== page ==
“This information is meant only as a guide to help you understand and your treatment options. It is not a substitute for a consultation with a specialist Orthopaedic Shoulder Surgeon. We strongly recommend a thorough discussion with your surgeon about the most appropriate treatment about your problem.” 

Frozen / Stiff Shoulder

Frozen / Stiff Shoulder

In frozen shoulder (also commonly, but incorrectly, referred to as “Periarthritis”), the joint capsule thickens and becomes tight. Stiff bands of tissue —called adhesions — develop. These restrict movements of the shoulder and cause pain. The hallmark of this condition is stiffness and restriction of shoulder movements.

It is also usually associated with pain – especially during overhead activities like combing or washing your hair, and clothing yourself. In severe cases, sleep is also disturbed due to pain. Click here to know more about Shoulder Anatomy

Frozen Shoulder Symptoms

There are two main complaints with frozen shoulder: pain and stiffness.

  1. Pain: is Pain from frozen shoulder is usually dull or aching. It is typically worse early in the course of the disease and when you move your arm. The pain is usually located over the outer shoulder area and sometimes the upper arm. In severe cases there is pain at rest also, particularly when you sleep on the affected side.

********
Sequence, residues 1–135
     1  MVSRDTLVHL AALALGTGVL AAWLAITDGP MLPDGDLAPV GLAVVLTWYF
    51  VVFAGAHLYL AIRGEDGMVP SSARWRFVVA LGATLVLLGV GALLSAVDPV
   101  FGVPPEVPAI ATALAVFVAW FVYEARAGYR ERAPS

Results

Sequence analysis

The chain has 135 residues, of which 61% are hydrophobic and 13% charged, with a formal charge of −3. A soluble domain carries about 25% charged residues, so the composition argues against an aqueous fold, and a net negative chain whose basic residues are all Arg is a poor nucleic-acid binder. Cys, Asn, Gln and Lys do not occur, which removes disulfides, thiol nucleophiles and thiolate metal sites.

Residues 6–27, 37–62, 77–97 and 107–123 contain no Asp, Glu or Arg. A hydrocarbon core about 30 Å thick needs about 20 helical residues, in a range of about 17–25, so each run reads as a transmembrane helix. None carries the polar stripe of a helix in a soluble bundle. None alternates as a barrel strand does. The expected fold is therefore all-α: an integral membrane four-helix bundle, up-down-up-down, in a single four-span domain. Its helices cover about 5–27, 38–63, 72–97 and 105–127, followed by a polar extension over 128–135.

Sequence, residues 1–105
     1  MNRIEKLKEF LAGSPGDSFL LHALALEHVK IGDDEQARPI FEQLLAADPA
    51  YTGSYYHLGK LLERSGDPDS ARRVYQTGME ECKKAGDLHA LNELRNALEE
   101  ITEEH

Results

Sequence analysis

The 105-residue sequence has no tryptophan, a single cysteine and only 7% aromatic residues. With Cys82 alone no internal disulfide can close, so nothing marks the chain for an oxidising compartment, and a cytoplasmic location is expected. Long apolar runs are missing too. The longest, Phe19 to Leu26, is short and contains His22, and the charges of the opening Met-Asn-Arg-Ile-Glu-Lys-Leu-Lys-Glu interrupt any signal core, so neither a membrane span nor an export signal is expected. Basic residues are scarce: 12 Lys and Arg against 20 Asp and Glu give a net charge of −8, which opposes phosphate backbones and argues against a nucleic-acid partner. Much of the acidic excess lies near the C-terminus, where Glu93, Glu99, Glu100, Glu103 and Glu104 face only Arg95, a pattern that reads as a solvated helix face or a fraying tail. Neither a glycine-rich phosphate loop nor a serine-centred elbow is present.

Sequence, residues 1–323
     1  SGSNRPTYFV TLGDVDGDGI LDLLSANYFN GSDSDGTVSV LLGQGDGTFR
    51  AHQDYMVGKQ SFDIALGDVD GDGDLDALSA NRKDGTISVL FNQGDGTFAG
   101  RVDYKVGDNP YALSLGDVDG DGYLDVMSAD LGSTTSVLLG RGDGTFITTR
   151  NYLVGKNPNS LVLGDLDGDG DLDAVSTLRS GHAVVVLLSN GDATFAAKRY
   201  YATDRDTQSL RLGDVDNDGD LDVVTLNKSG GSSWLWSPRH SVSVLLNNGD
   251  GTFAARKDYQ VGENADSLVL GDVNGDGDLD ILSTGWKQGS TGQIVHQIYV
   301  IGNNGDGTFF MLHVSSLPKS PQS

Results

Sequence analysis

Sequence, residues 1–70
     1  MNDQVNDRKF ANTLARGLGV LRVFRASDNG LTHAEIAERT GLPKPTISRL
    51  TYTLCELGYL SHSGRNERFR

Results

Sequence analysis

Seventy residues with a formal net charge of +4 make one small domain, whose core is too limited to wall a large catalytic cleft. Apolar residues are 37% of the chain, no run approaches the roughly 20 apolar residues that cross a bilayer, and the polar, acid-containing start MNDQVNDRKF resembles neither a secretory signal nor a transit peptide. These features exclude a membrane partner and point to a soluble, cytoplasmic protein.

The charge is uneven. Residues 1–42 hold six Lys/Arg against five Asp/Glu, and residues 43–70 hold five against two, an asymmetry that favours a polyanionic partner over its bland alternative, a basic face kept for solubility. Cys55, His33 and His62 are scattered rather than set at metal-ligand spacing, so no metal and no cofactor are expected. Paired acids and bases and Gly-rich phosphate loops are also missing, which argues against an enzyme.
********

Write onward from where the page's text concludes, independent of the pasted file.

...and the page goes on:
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Frozen Shoulder Causes

The causes of frozen shoulder are not fully understood. There is no clear connection to arm dominance or occupation. A few factors may put you more at risk for developing frozen shoulder.

Diabetes. Frozen shoulder occurs much more often in people with diabetes. The reason for this is not clearly known. Keeping your blood sugar levels in check is important in the treatment of  frozen shoulder.

Immobilization. Frozen shoulder can develop after a shoulder has been immobilized for a period of time due to surgery, a fracture, a stroke with paralysis, or other injury. Having patients move their shoulders soon after injury or surgery is one measure prescribed to prevent frozen shoulder.

Other Diseases. Some other conditions associated with frozen shoulder include hypothyroidism, Parkinson’s disease, and cardiac disease.

Frozen Shoulder Diagnosis

Some tests that may help your doctor rule out other causes of stiffness and pain include:

X-rays. Dense structures, such as bone, show up clearly on x-rays. They help rule out arthritis and other diseases which mimic a frozen shoulder. X-rays will not detect problems of soft tissues of your shoulder, and is usually normal in frozen shoulder.

Magnetic resonance imaging (MRI) and ultrasound. These studies can create better images of problems with soft tissues, such as a torn rotator cuff, or labrum. They are usually not needed in routine diagnosis of frozen shoulder.

Frozen Shoulder Treatment

Frozen shoulder generally is usually self-limiting, and gets better over time, although it may take anywhere from 6 months to 4 years.